It’s funny because now I can’t even remember his name. This guy who I thought I had fallen in love with. It began with a “J.” That’s all I can remember now.

Isn’t it funny how other people can feel so important, so earth-rattling and vital to us that we crash our cars and yet, years later, their voices elude us. His name: a mystery. Anyway, I thought I had fallen in love with “J” even though I hardly knew him. He had maybe played football with my cousin who isn’t really my cousin in Pennsylvania and that small coincidence was enough to make him familiar and that familiarity was what I was always on the hunt for. So, he became “it”.

We spent so many hours a week rehearsing this ridiculous play that I confused hours spent together with intimacy.

This happens. Why do you think people fall in love so much in Hollywood, while they are off making movies? You spend all these late night hours together, all these long days eating food off paper plates and going over lines, pretending to love or hate that person, and what do you know? You start to feel that old tug at your heart of I think I like him. I think I love her. He belongs to me.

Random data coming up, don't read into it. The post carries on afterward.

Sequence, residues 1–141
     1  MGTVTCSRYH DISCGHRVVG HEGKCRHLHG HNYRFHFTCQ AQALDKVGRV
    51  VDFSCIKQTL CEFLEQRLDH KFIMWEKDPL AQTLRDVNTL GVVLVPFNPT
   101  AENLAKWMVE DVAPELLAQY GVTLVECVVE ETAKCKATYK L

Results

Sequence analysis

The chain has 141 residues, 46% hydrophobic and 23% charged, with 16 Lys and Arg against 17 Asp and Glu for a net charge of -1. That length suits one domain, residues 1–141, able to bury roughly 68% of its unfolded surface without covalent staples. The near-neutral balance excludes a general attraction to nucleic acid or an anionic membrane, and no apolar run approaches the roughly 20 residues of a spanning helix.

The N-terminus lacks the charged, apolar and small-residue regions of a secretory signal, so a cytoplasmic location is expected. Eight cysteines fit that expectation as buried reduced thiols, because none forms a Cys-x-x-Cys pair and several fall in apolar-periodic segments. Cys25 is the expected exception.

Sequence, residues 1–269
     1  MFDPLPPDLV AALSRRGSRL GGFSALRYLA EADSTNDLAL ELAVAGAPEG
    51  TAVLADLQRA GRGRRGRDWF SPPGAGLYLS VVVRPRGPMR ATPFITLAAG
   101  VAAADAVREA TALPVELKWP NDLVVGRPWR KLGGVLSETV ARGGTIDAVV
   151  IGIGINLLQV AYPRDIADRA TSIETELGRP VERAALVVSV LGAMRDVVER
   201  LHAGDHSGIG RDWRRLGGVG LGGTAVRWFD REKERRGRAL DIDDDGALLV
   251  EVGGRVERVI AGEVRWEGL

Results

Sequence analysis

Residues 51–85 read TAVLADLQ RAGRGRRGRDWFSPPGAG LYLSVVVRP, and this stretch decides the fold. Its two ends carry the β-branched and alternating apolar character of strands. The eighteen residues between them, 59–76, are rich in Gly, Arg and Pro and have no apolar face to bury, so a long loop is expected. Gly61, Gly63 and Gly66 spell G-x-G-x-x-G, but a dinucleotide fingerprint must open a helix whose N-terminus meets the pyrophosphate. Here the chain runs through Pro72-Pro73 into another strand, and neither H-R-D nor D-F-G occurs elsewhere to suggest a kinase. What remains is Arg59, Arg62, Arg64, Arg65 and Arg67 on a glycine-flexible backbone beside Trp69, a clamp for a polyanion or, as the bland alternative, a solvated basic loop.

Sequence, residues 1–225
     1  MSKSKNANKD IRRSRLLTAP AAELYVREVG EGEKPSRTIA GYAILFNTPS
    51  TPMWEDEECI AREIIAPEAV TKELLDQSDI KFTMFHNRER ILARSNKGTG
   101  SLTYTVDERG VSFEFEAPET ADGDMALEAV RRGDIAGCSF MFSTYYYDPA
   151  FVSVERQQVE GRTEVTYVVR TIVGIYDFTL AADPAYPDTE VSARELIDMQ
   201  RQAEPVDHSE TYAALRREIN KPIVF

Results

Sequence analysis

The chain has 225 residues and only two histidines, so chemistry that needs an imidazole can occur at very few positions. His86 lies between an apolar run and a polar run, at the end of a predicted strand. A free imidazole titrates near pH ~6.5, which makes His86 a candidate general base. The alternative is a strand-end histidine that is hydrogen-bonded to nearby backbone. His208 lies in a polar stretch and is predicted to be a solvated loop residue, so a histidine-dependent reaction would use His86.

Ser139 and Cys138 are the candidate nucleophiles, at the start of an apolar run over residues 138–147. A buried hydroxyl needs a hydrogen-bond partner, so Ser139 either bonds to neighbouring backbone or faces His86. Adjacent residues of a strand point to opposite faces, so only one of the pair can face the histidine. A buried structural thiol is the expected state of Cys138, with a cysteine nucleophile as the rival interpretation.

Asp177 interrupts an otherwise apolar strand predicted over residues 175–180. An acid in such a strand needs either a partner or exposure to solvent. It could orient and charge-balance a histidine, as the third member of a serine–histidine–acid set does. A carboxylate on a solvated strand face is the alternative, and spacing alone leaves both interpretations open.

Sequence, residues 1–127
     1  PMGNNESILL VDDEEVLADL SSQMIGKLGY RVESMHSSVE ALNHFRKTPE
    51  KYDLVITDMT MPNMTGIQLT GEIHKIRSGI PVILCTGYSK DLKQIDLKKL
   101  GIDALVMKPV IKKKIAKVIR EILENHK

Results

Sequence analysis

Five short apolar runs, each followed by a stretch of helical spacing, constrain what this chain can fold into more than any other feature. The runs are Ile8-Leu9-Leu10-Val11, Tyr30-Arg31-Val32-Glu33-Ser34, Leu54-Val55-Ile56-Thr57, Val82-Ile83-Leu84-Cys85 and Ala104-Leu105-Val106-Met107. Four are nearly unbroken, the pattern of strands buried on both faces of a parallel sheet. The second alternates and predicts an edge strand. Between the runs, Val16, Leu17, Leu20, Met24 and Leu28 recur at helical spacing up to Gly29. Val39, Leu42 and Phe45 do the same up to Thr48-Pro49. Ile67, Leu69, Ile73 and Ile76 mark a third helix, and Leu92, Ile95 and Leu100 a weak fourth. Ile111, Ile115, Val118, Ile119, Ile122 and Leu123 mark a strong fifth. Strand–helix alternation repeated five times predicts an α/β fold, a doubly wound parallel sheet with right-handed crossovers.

So in my mind, this guy “J” belonged to me. I concocted a life together with him in my imagination. It was familiar.

The truth of the matter is, I don’t even know if I liked him. Yet, he was mine.

This other actress, one with whom I was alternating roles, would flirt with him. I would drink my sake and hide it in the trash and retreat into the corner until it was my turn to go up onstage.

She is better than me, I thought. Her flirting, her acting.

I couldn’t flirt. I could only be angry and upset. I didn’t understand how to show vulnerability. I only knew how to pull hair, or ignore, to suggest I like you. These don’t work as well when you are an adult.

That’s what jealousy did to me.

It didn’t make me cute or talented. It made me sit in the dark, in the back row, with my feet up on the seat in front of me and say things like, Like I care. Whatever. It doesn’t matter. Fuck them both.

It made me a monster. It made me hate myself.

The thing is, I don’t even think I really liked this “J” guy. I mean, he was nice enough, and he was good looking, but if I met him now I wouldn’t be interested. I probably wouldn’t have coffee with him.

It was circumstantial. Then it was possessiveness. He became mine and the thought of anyone else having him made me territorial. I became a sake drinking lion who sat in the back of a dark theatre in Hollywood and bit her nails before she spit them onto the floor. Well, fuck them then.

I don’t even know why I was so angry.

The play ended. We couldn’t get anyone to come see it except maybe ten people a night and those ten people were the cast members’ friends. The play was also over three hours long. It was a dark few months in my life and although I’d like to say that I have no regrets, I have a few small ones. This play is up there with a few others.

The play ended and we all went to party at the director’s apartment. The director who used tactics such as yelling at me or insulting me in order to make me cry or get me upset so that I would give a good performance. His house.